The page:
2.4. Morphometric Analysis

In this study, morphometric characteristics of KLCRS landscape, like elevation, slope, aspect, flow direction, stream network and order, and stream density, were modelled with the help of the Spatial Analyst tools in ArcGIS [26,45,46]. The Fill tool in ArcGIS was used to create depressionless DEM to prevent any interruption of continuous flow paths [46]. Using the inbuilt D8 method in the Spatial Analyst tool, the flow direction of KLCRS was modelled out of the fill DEM. The flow direction was used as an input material to create a flow accumulation raster image. Following the procedures described in [46,47], the watershed was delineated, and stream network and stream density maps of KLCRS were produced. Based on Strahler’s system of stream order [45,48] as a built-in tool in QGIS version 3.16, six stream orders of the study area were revealed. The percentage of landscape cover for the various classes of all the parameters except for stream density and total stream order length were calculated in ArcGIS. The total length of each stream order was calculated in kilometres (km) with the help of the field calculator in ArcMap 10.7. Following Singh, Gupta, and Singh [45], the land surface slope of KLCRS was classified into six classes in degrees: gentle slope (<3°), moderate (3–5°), steep slope (5–10°), very steep (10–35°), and extremely steep (>35°). Maps showing the spatial and temporal variation of the depth of Keta Lagoon from November 2020 to March 2021 were generated using the Kriging spatial interpolation technique [49]. The Geostatistical Analyst extension in ArcGIS software was used for this spatial analysis [50,51].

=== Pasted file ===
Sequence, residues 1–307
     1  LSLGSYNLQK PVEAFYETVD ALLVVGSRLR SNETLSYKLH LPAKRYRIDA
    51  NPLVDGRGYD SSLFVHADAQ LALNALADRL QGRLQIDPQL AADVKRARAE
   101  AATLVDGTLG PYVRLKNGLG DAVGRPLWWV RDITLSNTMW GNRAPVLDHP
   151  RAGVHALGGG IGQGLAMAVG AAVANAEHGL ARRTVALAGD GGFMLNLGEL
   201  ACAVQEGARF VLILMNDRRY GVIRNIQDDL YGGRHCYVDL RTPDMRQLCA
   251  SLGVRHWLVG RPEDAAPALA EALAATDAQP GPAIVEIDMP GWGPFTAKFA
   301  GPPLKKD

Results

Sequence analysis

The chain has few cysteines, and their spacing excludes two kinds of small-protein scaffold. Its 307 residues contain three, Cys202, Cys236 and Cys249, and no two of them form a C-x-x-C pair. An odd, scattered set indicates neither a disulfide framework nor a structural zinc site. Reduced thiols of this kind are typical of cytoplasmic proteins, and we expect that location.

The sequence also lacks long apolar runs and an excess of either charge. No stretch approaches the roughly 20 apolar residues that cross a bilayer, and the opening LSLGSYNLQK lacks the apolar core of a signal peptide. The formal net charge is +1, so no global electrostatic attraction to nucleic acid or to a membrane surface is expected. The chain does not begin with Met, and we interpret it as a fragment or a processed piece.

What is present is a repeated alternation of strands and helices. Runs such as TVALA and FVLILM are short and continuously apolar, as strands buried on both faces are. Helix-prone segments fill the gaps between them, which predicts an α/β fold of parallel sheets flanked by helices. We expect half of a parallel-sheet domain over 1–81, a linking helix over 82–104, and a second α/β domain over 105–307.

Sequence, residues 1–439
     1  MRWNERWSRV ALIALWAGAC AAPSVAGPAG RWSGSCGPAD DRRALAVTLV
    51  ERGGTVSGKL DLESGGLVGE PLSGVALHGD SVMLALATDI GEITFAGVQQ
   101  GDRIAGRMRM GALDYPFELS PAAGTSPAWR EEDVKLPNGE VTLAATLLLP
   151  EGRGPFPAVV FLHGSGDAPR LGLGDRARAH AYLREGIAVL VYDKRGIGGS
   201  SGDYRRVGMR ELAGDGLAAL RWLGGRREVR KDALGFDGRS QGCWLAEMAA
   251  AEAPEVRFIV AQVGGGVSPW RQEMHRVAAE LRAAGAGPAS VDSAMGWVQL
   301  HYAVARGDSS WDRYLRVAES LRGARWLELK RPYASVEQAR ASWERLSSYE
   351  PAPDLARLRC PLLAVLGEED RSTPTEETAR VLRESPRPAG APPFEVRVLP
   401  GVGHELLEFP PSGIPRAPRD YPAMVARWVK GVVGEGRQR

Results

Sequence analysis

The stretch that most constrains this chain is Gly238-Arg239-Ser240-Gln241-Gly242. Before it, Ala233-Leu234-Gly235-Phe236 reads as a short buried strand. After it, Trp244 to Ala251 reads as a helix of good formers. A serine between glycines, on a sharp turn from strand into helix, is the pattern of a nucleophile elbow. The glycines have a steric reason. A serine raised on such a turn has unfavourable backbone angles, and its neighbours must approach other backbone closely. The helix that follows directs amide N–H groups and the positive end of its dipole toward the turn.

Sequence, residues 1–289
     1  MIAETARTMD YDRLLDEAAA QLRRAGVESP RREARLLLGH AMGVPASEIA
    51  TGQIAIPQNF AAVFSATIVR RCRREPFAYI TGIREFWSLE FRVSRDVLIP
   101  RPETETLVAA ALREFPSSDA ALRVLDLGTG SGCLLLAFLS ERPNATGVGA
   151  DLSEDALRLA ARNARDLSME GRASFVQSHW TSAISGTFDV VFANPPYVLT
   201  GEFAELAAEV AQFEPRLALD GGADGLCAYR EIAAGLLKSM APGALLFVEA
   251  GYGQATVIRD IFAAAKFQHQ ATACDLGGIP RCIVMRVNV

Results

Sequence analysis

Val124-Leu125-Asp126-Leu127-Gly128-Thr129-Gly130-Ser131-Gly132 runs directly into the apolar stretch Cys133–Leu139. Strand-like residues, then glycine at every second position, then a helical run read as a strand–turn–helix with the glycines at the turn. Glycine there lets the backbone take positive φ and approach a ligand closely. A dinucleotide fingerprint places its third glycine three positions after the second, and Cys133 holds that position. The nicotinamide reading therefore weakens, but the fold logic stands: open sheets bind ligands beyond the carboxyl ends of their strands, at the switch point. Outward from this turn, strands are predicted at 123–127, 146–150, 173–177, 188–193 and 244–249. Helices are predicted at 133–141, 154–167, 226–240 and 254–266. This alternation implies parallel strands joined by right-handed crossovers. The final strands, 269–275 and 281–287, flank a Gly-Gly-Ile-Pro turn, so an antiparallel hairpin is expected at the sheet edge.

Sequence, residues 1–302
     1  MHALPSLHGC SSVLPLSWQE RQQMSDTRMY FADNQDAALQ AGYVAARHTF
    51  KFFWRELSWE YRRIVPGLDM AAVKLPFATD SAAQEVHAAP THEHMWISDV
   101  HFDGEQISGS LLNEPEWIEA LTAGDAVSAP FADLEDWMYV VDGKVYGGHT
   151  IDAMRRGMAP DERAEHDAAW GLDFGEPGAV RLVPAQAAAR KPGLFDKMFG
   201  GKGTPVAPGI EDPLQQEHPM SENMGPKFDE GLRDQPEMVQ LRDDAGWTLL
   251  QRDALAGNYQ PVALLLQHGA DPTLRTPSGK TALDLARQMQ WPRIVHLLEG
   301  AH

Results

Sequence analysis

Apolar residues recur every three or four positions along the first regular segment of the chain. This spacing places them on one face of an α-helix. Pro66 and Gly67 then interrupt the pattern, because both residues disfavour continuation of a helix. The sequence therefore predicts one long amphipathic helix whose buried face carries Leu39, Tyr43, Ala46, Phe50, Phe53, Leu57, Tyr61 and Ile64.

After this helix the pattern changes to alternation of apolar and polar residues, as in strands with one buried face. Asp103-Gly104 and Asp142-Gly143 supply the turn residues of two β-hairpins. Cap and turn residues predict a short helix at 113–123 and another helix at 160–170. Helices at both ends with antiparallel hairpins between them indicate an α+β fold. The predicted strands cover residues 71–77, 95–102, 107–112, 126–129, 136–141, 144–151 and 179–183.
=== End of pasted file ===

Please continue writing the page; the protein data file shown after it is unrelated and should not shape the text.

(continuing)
2.5. Image Classification